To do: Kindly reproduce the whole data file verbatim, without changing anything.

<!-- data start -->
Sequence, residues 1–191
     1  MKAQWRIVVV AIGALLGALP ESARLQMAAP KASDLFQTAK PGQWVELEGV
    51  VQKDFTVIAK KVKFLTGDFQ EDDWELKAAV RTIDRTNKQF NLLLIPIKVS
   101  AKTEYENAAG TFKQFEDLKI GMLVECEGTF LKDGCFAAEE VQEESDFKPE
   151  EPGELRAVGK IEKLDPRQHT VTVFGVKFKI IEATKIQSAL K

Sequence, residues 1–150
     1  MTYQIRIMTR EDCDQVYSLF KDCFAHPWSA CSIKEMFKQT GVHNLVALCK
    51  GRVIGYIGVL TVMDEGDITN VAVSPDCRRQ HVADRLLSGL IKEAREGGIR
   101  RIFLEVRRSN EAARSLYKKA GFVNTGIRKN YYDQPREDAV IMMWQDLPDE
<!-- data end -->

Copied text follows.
Sequence, residues 1–191
     1  MKAQWRIVVV AIGALLGALP ESARLQMAAP KASDLFQTAK PGQWVELEGV
    51  VQKDFTVIAK KVKFLTGDFQ EDDWELKAAV RTIDRTNKQF NLLLIPIKVS
   101  AKTEYENAAG TFKQFEDLKI GMLVECEGTF LKDGCFAAEE VQEESDFKPE
   151  EPGELRAVGK IEKLDPRQHT VTVFGVKFKI IEATKIQSAL K

Sequence, residues 1–150
     1  MTYQIRIMTR EDCDQVYSLF KDCFAHPWSA CSIKEMFKQT GVHNLVALCK
    51  GRVIGYIGVL TVMDEGDITN VAVSPDCRRQ HVADRLLSGL IKEAREGGIR
   101  RIFLEVRRSN EAARSLYKKA GFVNTGIRKN YYDQPREDAV IMMWQDLPDE